Confession: I have not read Under the Dome, but I have watched it. It is so very nearly bad enough to be wonderful, but not quite. Anyway, I was curious how the book compared, so I read James Parker's New York Times review, which includes plot details such as President Obama writing a letter to the town's dome-entrapped citizens and a second selectman seizing control of the police department, ready to enact his right wing agenda now that de facto secession from the U.S. government has occurred. Parker closes:
The coalition that forms against him includes a journalist, a librarian, an Iraq
veteran, some acned skateboarders and an English professor from
Massachusetts who (rather wonderfully) has just edited an issue of
Ploughshares. Get ready, libruls, King seems to be saying: If the dome
comes down, you’re going to need one another.
In other words, it's the then-present day of 2009, a year after Obama's election, and it's recognizably our world, complete with our president, our war, and our literary magazines. It's got guts and gore, but it also has a political viewpoint.
In contrast, on the TV show the Iraq War veteran is retained, as well as the power-hungry government official, but there's nothing Iraq or Tea Party-specific about either of them. And the Zuzu's petals of the whole thing, Ploughshares? It's not there either, George. Yet we're in our world, product-placement-wise, from Microsoft to Prius, and others have written about the strange and unlikely ways these products have been introduced on the show. I know I'm writing seriously about a not-serious show and a book I haven't, ahem, read, but I think it's worth noting that Bad Stephen King Adaptation + Microsoft doesn't only = cringe-inducing viewing. It's that some proper nouns have ascended while others have been erased. It's Microsoft - Politics which creates such an empty vessel.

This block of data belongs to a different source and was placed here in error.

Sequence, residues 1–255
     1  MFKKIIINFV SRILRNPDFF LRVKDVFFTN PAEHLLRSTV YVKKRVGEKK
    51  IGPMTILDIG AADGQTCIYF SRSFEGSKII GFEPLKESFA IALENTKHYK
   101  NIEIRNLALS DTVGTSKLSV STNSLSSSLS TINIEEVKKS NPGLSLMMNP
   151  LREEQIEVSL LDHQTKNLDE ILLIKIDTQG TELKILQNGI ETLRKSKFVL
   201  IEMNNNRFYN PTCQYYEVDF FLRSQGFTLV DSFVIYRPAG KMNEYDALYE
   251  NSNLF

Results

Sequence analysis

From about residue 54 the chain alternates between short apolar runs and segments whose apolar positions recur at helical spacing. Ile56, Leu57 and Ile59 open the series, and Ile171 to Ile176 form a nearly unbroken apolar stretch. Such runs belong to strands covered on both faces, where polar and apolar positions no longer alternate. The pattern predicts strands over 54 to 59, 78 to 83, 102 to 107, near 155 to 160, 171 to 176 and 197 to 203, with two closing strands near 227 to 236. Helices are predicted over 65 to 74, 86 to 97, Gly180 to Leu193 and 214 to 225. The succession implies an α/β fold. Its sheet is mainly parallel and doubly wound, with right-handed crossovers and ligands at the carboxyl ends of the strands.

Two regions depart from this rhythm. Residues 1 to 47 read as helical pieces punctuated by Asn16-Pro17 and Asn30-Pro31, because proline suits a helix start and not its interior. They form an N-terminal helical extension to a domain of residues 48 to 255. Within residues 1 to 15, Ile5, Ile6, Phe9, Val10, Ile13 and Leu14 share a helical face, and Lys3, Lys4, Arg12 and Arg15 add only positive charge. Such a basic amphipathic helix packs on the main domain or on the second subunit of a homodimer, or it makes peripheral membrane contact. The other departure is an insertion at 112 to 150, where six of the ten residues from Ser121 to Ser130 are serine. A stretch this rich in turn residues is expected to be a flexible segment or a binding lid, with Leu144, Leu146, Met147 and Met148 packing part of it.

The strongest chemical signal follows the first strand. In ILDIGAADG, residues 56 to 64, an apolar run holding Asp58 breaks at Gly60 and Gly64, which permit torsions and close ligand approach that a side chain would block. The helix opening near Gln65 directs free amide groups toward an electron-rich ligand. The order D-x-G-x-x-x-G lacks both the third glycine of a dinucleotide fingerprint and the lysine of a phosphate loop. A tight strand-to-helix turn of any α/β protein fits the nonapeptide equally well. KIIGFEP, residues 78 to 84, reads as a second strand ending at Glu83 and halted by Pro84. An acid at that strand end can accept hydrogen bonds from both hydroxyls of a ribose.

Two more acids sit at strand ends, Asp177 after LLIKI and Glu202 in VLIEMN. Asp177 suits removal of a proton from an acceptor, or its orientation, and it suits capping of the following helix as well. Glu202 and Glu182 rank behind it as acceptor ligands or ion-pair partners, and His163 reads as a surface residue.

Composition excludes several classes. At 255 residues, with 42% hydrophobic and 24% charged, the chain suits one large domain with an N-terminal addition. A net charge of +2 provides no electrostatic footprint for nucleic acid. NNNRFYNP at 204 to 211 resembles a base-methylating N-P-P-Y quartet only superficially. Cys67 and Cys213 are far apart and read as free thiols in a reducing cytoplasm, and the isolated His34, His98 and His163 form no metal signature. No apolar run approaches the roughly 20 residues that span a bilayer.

Not every story based in our world needs to ground itself in our real political names; of course alternate-reality narratives and straight-up allegories can offer politically and culturally astute commentary. I just think it's interesting when we keep the signifiers without the significance; for example, keeping the Iraq War veteran in name only. What does this accomplish? What box does it check off? Is it just a shorthand for, "This character is an experienced badass who has been through the shit"? Does the director think, "Let's show a photo of him with his Army buddies and their guns and call it a day"? How do actual Iraq War veterans feel about such characters?
I'm writing this late at night/early in the morning, so maybe my brain is fuzzified, but I'm also wondering now about political cameos on shows such as The Good Wife. Is this another example of a signifier without significance?